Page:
iOS devices at work…who are they up against?

In the previous blog, we talked about RIM as one of the competitors to Apple in the workplace.  Who else is there?  There are mainly three others: Android devices, Windows Phone devices and Nokia Symbian devices.   Of these three, Android is the one most referenced in discussions of the smartphone race.   Android has had an explosive start since being introduced in October 2008 (they actually came onto the scene in July 2005 when Google acquired Android). Android has experienced the largest growth of all mobile devices, taking an immediate 2% share of the smartphone market upon its launch in 2009 and parlaying that into 27% by the end of 2010 (by one research analysts estimates).   Part of Androids appeal is its open-source business model.   The Android operating system is founded on the Linux kernel, was initially developed by the open-source community, is device independent unlike Apple’s iOS and RIMs Blackberry OS and finally, Apps developed for Android devices are unregulated and can be placed in the Android Market at will.   No control gates, unlike those for the App Store (Apple) and Blackberry App World (RIM).  This has been received with mixed reaction.   Developers love it, consumers sometimes love it, companies are undecided.   Reports of ‘buggy’ and occasionally ‘inappropriate’ Apps have been more frequent in the Android world as compared to that of Apple and RIM.   And companies are undecided on the security threat associated with ‘anything’ being allowed in Android Market. Despite this, Androids impressive climb and now dominant position in the marketplace is indisputable.

Now, Windows Phone.   Microsoft launched Windows Phone 7 this past October 2010 after earlier announcing it as the successor to Windows Mobile.   Much like Apple iOS devices and Android devices, Windows Phone devices are targeted to the general consumer.   And like Android, Windows Phone is device independent although there are a set of minimum requirements that devices must meet to support the Windows Phone operating system.   One shortcoming is Microsoft was not able to make Windows Phone backward compatible with Windows Mobile due to time pressures resulting from launch delays.  As for Apps, Windows Phone Marketplace is structured more along the lines of the App Store and Blackberry App World.   Third-party developed Apps must go through an approval and verification process and like the App Store model, any Apps sold through Windows Phone Marketplace are subject to a 30% ‘store-front’ fee, the developer taking the remaining 70%.   It’s still too early to make a call on Windows Phone in terms of workplace acceptance. Possibly the recently announced strategic partnership with Nokia will bring clarity to this.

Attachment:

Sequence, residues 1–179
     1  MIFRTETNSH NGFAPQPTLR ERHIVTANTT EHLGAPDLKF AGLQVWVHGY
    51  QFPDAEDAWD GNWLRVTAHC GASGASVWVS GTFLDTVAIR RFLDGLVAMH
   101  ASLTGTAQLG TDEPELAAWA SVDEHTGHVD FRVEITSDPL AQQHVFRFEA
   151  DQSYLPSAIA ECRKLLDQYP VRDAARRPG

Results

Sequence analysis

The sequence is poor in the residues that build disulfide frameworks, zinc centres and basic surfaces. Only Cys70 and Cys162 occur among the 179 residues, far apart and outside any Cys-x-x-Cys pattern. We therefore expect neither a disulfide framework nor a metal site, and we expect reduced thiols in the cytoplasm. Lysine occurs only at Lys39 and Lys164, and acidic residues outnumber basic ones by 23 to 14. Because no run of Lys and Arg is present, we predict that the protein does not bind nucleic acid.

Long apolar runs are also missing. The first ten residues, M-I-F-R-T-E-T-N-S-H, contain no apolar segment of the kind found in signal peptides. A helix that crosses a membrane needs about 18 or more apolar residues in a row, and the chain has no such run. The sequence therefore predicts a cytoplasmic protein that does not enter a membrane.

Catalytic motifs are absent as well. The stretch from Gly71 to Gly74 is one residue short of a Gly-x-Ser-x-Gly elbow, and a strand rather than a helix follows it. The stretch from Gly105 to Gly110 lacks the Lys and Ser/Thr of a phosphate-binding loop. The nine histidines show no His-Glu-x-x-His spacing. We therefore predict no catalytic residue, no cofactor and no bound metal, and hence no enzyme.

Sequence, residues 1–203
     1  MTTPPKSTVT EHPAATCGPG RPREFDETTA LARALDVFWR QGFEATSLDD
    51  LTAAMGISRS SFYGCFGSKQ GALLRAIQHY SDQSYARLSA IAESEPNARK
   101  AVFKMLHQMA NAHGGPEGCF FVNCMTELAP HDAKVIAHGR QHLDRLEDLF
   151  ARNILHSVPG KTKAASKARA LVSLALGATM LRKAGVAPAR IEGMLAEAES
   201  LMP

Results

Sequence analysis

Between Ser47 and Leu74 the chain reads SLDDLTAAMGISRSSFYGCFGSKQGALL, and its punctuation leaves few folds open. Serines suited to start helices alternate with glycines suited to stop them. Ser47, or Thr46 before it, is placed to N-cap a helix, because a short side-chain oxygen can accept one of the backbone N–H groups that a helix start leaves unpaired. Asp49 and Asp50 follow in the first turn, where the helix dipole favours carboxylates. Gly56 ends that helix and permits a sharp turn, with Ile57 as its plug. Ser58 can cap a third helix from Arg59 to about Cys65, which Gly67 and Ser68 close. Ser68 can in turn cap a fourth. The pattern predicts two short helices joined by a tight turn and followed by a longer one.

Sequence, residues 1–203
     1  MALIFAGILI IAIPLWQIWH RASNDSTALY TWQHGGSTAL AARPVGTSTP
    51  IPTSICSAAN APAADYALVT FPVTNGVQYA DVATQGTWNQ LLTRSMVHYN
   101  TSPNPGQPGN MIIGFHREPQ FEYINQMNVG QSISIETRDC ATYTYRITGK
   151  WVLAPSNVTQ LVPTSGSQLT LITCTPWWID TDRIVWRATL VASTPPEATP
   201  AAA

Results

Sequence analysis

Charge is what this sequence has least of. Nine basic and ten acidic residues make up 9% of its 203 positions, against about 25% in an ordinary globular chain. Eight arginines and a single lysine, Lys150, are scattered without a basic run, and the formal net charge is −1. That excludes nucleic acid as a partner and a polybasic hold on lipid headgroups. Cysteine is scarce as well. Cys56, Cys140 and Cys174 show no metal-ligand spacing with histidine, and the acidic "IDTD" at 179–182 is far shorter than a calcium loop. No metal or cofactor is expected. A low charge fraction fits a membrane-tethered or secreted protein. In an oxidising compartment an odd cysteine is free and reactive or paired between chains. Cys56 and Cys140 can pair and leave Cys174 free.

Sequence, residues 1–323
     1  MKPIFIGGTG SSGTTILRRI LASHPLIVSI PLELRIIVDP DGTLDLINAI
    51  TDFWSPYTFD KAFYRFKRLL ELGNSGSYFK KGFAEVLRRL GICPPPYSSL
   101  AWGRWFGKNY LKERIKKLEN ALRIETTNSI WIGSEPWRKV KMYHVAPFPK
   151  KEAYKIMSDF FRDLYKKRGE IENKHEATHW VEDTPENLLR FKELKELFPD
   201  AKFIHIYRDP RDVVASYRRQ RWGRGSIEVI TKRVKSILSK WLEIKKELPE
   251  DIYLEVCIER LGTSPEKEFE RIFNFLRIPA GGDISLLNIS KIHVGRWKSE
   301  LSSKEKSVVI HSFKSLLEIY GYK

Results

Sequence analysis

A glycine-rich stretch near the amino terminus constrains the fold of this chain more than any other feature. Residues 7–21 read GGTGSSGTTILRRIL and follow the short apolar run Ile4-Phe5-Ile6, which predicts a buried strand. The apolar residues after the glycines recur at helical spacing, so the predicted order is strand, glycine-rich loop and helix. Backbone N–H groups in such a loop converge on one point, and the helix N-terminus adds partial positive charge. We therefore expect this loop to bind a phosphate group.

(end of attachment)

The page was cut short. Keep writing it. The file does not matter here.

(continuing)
This leads nicely to Nokia’s Symbian mobile operating system.   To many in North America, it would likely come as a surprise that Symbian has a commanding lead in smartphone worldwide marketshare yet this fact seems to garner little mention in local press and business circles.  Why is that? “…to anyone in North America…”.  Symbian is dominant in overseas markets, not North America.   Symbian comes from strong lineage, born in the late 1990s in Europe from a partnership amongst Ericsson, Nokia, Motorola and Psion to capitalize upon the convergence craze.   Symbian enjoyed massive success out of the gate in Europe, Middle East and Asia (EMEA) and South America (although RIM has recently made impressive inroads in the South American market).  Much like RIM’s North American beginnings in the enterprise space, Nokia’s Symbian mobile operating system has reaped substantial benefits from being first-to-market.  But much like RIM, it has struggled to find ways to compete against new comers like Apple’s iOS and Google’s Android, seeing its marketshare erode year after year as a result.   And Stephen Elop, the ex-Microsoft senior executive and now CEO of Nokia is not convinced that trend can be reversed.   His recent announcement hitching Nokias wagon to Microsoft’s Windows Phone mobile operating system sounded the death knell for Symbian and its much touted open-source successor, MeeGo.  Only months ago, IT industry research firm Gartner proclaimed by 2014 “the worldwide mobile operating system (OS) market will be dominated by Symbian and Android” projecting the two to combine for 60% percent of worldwide mobile OS sales.   Whether “Windows Phone” can now be substituted for “Symbian” in that statement is the big unknown.

At this point in time, its fair to say RIM and Apple are the dominant smart devices in the workplace today.  Android’s impressive rise in the general consumer market positions it as the next true competitor in the workplace and its too early to make a call on Windows Phone or the new entrant Hewlett-Packard and its WebOS.


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